# extract the filter name and parameters: <name>(<params>)
	$directive->{ FILTER } =~ /([^(]+)(?:\((.*)\))?/;
	my $fltname   = $1;

	# split filter parameters and remove enclosing quotes
	my @fltparams = split(/\s*,\s*/, $2 || "");
	foreach (@fltparams) {

	# is there a filter function with the name specified?
	if (ref($self->{ FILTER }->{ $fltname }) eq 'CODE') {

	    $self->_DEBUG(DBGINFO, "filter: $fltname(%s)\n",
		    join(", ", $fltname, @fltparams));

	    # deref filter code to speed up multi-line processing
	    my $fltfn = $self->{ FILTER }->{ $fltname };

	    # feed each line through filter function
	    foreach (@lines) {
		$pre = $_;
		$_ = &$fltfn($fltname, $_, @fltparams);
		$post = $_;

    		if ($self->{ DEBUGLEVEL } & DBGPOST) {
			"filter: [ $pre ]\n     -> [ $post ]\n");
	else {
	    $self->_warn("$fltname: non-existant or invalid filter\n");

    # if the "format=<template>" option is specified, the output
    # is formatted in one of two ways.  If the format string contains
    # a sequence matching the pattern "%[^s]" (i.e. any %<character> 
    # marker other than '%s'), it is assumed to be a date and is 
    # processed using time2str() from Date::Format.
    # If the format string contains no other percent marker than
    # "%s", it is assumed to be a printf()-like format and is treated
    # appropriately.  Luckily enough, "%s" produces the same output
    # from both printf() and time2str() functions ("%s" denotes number
    # of seconds since the epoch - the same value stored in the string
    # and interpolated as such by perl when doing sprintf("%s", $str)).
    # To explicitly indicate a printf()-like format string, the marker
    # "%P" can be embedded anywhere in the string.  This is then 
    # ignored in the format process.  e.g. "%P%4.2f", 12.3 => "12.30"
    if (defined($directive->{ FORMAT })) {
	my $format  = $directive->{ FORMAT };

	# the format may refer to a pre-defined one which is to be used 
	# in its place
	$format = $formats->{ uc $format } 
	    if ($format !~ /\W/ && defined $formats->{ uc $format });

	my $fmtdate = ($format =~ /%[^s]/); # use time2str()?

	# does the format include '%P' to request printf()?
	$fmtdate = 0 if ($fmtdate && ($format =~ s/%P//g));

	my $safefmt; # protect '%s' from printf in _DEBUG()
	($safefmt = $format) =~ s/%/%%/g;  

	$self->_DEBUG(DBGPOST, "format: $safefmt\n");

	# unescape quotes, newlines and tabs
	$format =~ s/\\"/"/g;
	$format =~ s/\\n/\n/g;
	$format =~ s/\\t/\t/g;

	foreach (@lines) {
	    $pre = $_;
	    $_ = $fmtdate 
		? time2str($format, $_)
		: sprintf($format, $_);
	    $post = $_;

	    if ($self->{ DEBUGLEVEL } & DBGPOST) {
			"format: [ $pre ]\n     -> [ $post ]\n");

    # reconstruct all lines back into a single string
    join("\n", @lines);

# _dump_symbol($symbol)
# Dumps the contents of the symbol table entry indexed by $symbol using
# the _DEBUG function.  The output is processed to be easily readable.

sub _dump_symbol {
    my $self   = shift;
    my $symbol = shift;
    my ($factory, $directive);
    my $copy;

    $self->_DEBUG(DBGCONT, "-- Pre-processed symbol: $symbol %s\n",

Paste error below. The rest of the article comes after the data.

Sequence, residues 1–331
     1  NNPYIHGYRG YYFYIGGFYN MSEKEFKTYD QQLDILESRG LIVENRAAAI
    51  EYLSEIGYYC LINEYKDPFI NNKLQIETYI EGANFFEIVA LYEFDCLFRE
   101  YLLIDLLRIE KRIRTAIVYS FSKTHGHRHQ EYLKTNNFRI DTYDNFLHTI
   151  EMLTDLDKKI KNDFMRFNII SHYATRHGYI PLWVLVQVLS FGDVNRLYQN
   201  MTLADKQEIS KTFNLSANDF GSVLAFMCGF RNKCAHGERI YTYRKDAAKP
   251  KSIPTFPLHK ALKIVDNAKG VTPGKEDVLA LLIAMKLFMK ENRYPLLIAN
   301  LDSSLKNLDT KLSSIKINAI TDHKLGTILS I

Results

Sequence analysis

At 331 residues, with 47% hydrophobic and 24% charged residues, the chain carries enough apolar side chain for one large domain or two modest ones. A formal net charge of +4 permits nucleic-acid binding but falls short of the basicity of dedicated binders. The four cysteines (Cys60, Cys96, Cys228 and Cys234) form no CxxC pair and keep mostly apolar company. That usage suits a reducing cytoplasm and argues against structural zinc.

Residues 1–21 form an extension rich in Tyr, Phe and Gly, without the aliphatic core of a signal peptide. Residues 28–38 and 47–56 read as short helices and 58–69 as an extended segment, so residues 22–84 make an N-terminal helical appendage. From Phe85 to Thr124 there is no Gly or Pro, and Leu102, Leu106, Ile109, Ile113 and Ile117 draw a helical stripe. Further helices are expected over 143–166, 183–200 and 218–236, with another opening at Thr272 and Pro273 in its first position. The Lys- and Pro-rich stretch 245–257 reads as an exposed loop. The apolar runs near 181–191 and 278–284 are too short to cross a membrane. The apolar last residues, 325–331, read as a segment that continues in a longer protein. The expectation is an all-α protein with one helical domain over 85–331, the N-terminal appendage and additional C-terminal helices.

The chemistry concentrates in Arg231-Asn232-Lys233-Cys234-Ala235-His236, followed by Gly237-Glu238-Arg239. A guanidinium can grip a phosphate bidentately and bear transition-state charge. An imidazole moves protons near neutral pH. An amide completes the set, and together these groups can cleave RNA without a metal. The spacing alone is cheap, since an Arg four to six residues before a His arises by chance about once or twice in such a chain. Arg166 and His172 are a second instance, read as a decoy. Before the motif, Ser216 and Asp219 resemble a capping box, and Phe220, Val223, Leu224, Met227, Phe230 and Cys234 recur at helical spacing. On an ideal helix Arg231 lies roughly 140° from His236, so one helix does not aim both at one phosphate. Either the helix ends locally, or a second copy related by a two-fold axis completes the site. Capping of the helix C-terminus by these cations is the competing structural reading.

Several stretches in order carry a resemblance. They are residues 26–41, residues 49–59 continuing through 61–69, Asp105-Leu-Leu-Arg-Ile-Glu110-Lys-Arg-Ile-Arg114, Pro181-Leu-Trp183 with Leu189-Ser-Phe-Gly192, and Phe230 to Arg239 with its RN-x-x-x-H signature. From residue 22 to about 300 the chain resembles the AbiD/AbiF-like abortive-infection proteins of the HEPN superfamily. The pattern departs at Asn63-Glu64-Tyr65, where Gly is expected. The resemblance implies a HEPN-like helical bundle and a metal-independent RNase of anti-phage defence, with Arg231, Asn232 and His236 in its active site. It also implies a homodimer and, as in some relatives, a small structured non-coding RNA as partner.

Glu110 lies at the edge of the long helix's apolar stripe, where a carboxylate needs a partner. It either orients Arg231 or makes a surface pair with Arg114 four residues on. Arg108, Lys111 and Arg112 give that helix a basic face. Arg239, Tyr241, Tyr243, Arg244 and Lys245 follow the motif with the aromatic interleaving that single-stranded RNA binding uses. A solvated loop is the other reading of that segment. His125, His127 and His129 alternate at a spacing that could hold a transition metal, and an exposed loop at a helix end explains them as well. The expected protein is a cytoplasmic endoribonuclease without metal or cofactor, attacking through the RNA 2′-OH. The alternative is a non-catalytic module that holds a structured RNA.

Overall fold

'-' x (72 - 26 - length($symbol)));

    # get a reference to the factory object and call directive_type()
    # to determine the kind of Directive objects it creates
    return unless $factory = $self->_factory();
    $directive = $factory->directive_type();

    foreach (@{ $self->{ SYMTABLE }->{ $symbol } }) {

	# is this a directive?
	ref($_) eq $directive && do {
	    $self->_DEBUG(DBGCONT, "%s %s %s %s\n",
			    $self->{ MAGIC }->[0],
			    $_->{ TYPE }, 
			    $_->{ IDENTIFIER } || "<none>",
			    $self->{ MAGIC }->[1]);

	# take a copy of the line and convert CR to visible \\n's
	($copy = $_) =~ s/\n/\\n/gm;

	map { $self->_DEBUG(DBGCONT, "[ $_ ]\n"); } split(/\n/, $copy);

    $self->_DEBUG(DBGCONT, "%s\n", '-' x 72);

# _warn(@_)
# Prints the specified warning message(s) using the warning function 
# specified in $self->{ ERRORFN } or "print STDERR", if undefined.

sub _warn {
    my $self = shift;

    return &{ $self->{ ERRORFN } }(@_) if defined($self->{ ERRORFN });

    print STDERR @_, "\n";

# _error($message)
# Private error reporting method.  Sets internal ERROR value (which can 
# be retrieved using the public method error(), and calls 
# $self->_warn($message) to report the error.

sub _error {
    my $self    = shift;
    my $message = shift || "";

    $self->{ ERROR } = $message;

# _parse_error($message)
# Private error reporting method used by the parser.  Add an additional 
# file/line report to the error message.

sub _parse_error {
    my $self    = shift;
    my $message = shift || "";

	sprintf("Parse error at %s line %s:\n    $message",
	$self->{ INPUT }, $self->{ LINENO })

# _DEBUG($level, $message, @params)
# If ($self->{ DEBUGLEVEL } & $level) equate trues, the specified message
# is printed using the debug function defined in $self->{ DEBUGFUNC }.
# If no debug function is defined, the ($message, @params) are formatted
# as per printf(3) and printed to STDERR, prefixing each line with "D> ".

sub _DEBUG {
    my $self  = shift;
    my $level = shift;
    my $output;

    return unless (($self->{ DEBUGLEVEL } & $level) == $level);

    return &{ $self->{ DEBUGFN } }(@_) if defined($self->{ DEBUGFN });

    # sprintf expects a scalar first, so "sprintf(@_)" doesn't work
    $output = sprintf(shift, @_);

    # prefix each line with "D> " and print to STDERR
    $output =~ s/^/D> /mg;
    print STDERR $output;


=head1 NAME

Text::MetaText - Perl extension implementing meta-language for processing 
"template" text files.


    use Text::MetaText;

    my $mt = Text::MetaText->new();

    # process file content or text string